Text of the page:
TWO off-duty police colleagues mourning a mutual pal's death at a wake took on a martial arts-trained thug who assaulted two bar staff.
Hampshire police's Martin Drysdale and Detective Constable Anne Keir thought nothing of stepping in at the Hoeford Inn, Fareham, in the incident.
Both went to arrest the man, who ran off prompting DC Keir to pull out her warrant card and arrest him on suspicion of assault. The thug punched Martin in the face.
A police spokeswoman said: 'They were able to get him into handcuffs when back up arrived.
'They demonstrated total professionalism and bravery, putting themselves in harm’s way to act without fear or safety equipment, to protect the public.'
The pair are among the best Hampshire police have to offer – and were given chief constable commendations at an award ceremony.
Awards were handed out to those who offered life-saving aid and stayed cool in a crisis.
Cosham copper PC Malcolm Long thought of nothing when he plunged his finger into an open wound on a stabbing victim's neck.
The injured man had been found in Woodland Street, Portsmouth, on October 14 in 2016.
‘The loss of blood had been so great that had he lost any more, he would have died,’ a police spokeswoman said.
The News previously reported PC Long was set to be given the Royal Humane Society Certificate of Commendation.
Now he has been given the award at a ceremony attended by chief constbale Olivia Pinkney and the vice lord lieutenant of Hampshire, Rear Admiral Iain Henderson.
PC Long had told The News: 'We are regularly faced with challenging or indeed distressing situations, and have to think and act quickly when responding under pressure.'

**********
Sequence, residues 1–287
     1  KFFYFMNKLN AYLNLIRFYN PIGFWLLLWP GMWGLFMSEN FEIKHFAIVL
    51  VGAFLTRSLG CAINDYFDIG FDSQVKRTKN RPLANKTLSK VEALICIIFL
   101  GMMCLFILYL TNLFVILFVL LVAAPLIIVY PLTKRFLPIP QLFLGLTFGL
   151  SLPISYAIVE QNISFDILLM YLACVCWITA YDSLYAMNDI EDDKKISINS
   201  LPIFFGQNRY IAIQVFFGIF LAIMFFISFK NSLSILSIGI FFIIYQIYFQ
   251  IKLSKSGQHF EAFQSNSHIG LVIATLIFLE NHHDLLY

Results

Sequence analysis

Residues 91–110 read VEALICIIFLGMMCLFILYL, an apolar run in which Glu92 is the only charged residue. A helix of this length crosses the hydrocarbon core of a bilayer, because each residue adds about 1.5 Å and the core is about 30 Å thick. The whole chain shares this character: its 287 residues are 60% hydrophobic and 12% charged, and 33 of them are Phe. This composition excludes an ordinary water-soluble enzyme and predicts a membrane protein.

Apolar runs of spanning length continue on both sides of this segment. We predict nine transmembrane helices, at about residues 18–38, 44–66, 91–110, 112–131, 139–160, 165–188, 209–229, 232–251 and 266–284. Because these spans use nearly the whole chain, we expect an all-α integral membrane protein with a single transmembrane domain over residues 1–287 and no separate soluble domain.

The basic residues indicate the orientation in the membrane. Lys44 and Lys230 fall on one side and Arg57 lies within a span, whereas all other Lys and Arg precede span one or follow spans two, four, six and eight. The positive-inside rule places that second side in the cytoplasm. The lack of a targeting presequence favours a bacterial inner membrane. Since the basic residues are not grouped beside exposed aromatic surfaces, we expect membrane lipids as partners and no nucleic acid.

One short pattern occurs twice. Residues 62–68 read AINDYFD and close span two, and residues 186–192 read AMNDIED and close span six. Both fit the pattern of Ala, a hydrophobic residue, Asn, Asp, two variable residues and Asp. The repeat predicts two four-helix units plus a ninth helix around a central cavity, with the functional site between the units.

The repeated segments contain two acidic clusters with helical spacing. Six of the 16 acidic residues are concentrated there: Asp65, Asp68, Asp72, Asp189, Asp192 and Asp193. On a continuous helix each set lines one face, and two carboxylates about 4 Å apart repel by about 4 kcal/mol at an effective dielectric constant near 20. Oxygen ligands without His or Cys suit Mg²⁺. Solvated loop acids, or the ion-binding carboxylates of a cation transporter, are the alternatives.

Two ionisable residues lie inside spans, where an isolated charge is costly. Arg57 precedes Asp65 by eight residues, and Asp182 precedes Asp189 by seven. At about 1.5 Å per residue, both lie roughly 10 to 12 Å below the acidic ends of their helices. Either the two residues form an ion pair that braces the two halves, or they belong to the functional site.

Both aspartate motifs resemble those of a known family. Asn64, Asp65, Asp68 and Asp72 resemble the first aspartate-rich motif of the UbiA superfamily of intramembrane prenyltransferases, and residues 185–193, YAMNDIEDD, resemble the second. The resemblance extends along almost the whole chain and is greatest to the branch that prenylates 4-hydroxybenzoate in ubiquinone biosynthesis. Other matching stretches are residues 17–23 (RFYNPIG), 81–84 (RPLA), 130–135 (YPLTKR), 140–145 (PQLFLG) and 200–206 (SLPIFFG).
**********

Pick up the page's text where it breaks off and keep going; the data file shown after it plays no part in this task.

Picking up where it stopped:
Chief constable Pinkney said: ‘We work every day to protect the public but these officers and members of staff honoured here have gone above and beyond the call of duty.
‘Our officers often find themselves first at a scene and if they didn’t act quickly, doing everything they can to save lives despite not being the medical experts, lives would be lost.
‘I can honestly say that when I read these accounts I was overwhelmed with pride – from lifting buses, to plugging life-threatening wounds with their hands and keeping a clear head in a truly traumatic situation, there is no doubt these acts of bravery deserve recognition.’
Another award-winner, Jamie Christian, was handed a chief constable congratulations.
The investigator was on his way to work at Fratton police station, in Kingston Crescent, Portsmouth, when a woman fell from a motorway bridge.
She tragically died in the incident, reported by The News at the time. But police staff investigator Jamie, was described as 'phenomenal' in how he dealt with the situation after seeing the woman fall.
A police spokeswoman said: ’Jamie has had no crisis management training and aged only 26, his actions that day have been described as “phenomenal”.